In many instances, a property owner in Texas can’t prevent the government or other entity with eminent domain authority from condemning and taking their land. What they can do is take steps to ensure they receive full value for the property that is taken.
Both the U.S. Constitution and the Texas state Constitution guarantee that a property owner is entitled to certain rights . This includes a “just” and “adequate” compensation for their land when it is taken by the government or other entity in an eminent domain action.
The Government Must Make A Bona Fide Offer To Buy Land Using Eminent Domain in Texas
Before an entity with eminent domain power in the state of Texas can take your land, they must first make a bona fide offer to buy it. This offer is based on an appraisal by a certified appraiser (that they hire.) The offer will state the just and/or adequate compensation you are owed for your property and how they arrived at this amount. The State of Texas Landowners Bill of Rights states that this amount should include the value of the property being acquired as well as the damages, if any, to any of the remaining property.
The entity’s final offer must be equal or greater than the amount of the written appraisal. The property owner then has 14 days to respond to accept or reject this final offer.
The Problem With the Government’s Bona Fide Offer in Texas
There is a problem with this. In most circumstances, the amount that the entity with eminent domain authority considers to be fair compensation for a parcel of land may be a lot less than what the property owner is entitled to. It is also typically a lot less than what the landowner thinks his or her property is worth.
Just compensation is the current fair market value for a piece of property. The owner is entitled to the same amount of money they would receive if they placed the property on the open market. Determining just compensation is important when an entire piece of property is being taken. If only a portion of a piece of land is taken, or will be used for only a specific period of time, the owner needs to consider what is “adequate” compensation for the difference in property values before and after the taking.
What if You Don’t Think the Offer is Just and Adequate Compensation?
At the law offices of Dawson & Sodd, we’ve received many complaints from Texas landowners. They feel the amount they’ve been offered for their land in a condemnation proceeding is much less than what they consider to be just compensation. In these circumstances, we advise them to hire an experienced Texas eminent domain attorney. An attorney can bring in an independent appraiser and other expert witnesses. They will determine the true just and adequate value of your property. They will use the new appraisal to renegotiate the taking entity’s “bona fide” offer. It will also be evidence in court if a lawsuit is necessary.
Some factors to consider when determining the fair market value of a property include:
- Current market value of the land
- Loss of income
- Loss of use/accessibility
- The size of the property
- Tax declarations
- The level of development
- Current use and potential use
- Interest payments
- Any land improvements seized
- The use to which the condemning authority will put the part taken and how that will affect the remaining property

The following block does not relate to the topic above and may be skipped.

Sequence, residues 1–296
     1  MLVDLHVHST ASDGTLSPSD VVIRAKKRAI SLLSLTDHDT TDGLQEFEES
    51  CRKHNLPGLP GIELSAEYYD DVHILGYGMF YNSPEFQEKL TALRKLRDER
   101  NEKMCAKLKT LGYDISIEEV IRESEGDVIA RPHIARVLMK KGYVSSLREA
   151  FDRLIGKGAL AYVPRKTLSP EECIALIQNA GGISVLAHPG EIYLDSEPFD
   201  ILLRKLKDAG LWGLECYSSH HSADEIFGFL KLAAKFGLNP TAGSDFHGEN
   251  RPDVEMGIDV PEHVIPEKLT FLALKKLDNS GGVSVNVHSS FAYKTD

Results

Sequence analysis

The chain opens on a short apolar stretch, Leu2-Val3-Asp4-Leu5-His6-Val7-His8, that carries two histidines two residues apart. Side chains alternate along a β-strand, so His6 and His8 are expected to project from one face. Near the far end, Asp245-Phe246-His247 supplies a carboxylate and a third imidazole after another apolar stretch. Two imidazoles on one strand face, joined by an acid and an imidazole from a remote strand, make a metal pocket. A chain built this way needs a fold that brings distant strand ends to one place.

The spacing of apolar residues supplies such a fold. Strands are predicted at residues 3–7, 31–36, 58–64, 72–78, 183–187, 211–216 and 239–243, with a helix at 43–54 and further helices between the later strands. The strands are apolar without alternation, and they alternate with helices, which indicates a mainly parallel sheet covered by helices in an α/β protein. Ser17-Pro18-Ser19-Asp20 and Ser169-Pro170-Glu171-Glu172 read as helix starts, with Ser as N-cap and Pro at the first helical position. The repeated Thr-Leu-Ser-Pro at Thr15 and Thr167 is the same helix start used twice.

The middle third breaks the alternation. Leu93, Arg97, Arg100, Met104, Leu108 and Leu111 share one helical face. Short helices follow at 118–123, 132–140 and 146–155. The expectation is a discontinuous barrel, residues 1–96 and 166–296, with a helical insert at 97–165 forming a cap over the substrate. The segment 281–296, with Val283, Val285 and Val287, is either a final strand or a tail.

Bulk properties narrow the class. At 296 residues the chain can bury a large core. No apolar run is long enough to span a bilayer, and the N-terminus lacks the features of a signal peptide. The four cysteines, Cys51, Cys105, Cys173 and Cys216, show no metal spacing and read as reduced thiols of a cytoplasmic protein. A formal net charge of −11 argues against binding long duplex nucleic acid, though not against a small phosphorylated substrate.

- Specific damages caused by the taking
- Unique characteristics (historic structures, natural resources, etc.)
Answers to Your Texas Eminent Domain Questions
Under Title 10, Subtitle E, Chapter 2206 of the Texas Government Code, federal, state, county and municipal governments have the authority to take property through eminent domain, as can water districts and school districts. In addition to these, public utility companies also have been allowed to use eminent domain for power lines, pipelines, transformers, etc.
When a condemning authority in Texas chooses your property for eminent domain, one of the first steps is to request the right to enter your property to conduct a professional survey.
The law does not specifically include any right to entry statutes for eminent domain, so technically a property owner can refuse to grant access for such a survey. Unfortunately, doing this won’t necessarily stop the survey or stop the condemnation from proceeding.
There is no requirement under Texas law that says landowners need an attorney to negotiate with a condemning authority regarding eminent domain matter. However, negotiating on your own is not advisable.
A Texas eminent domain attorney has the knowledge, experience and skill to protect your rights and help you avoid making mistakes that could result in you not getting the full value of your land.
Highlighted Texas Eminent Domain Case Results
The eminent domain attorneys at Dawson & Sodd serve the entire state of Texas, helping landowners maximize their compensation and protect their rights during eminent domain actions.
For example, in a case in which a ranch owner whose large and productive ranch was repeatedly flooded by water releases from an upstream lake, the condemning authority extended our client a final offer of $200,000. We won a $34.2 million dollar recovery that was upheld by the Texas Supreme Court. The net recovery to the landowners was $21.9 million after legal fees and litigation, trial, and appellate expenses.
At Dawson & Sodd, We Want to Ensure You Get Fair and Adequate Compensation
Don’t accept any offer, bona fide or not, before speaking with the award winning Texas eminent domain attorneys at Dawson & Sodd. Let us put our 100-plus years of experience and knowledge to work on your behalf to protect your rights and ensure you receive the just and adequate compensation you deserve under the law.
If you are a Texas property owner who’s facing losing all or part of your land in an eminent domain action, please reach out Dawson & Sodd today to schedule a free consultation.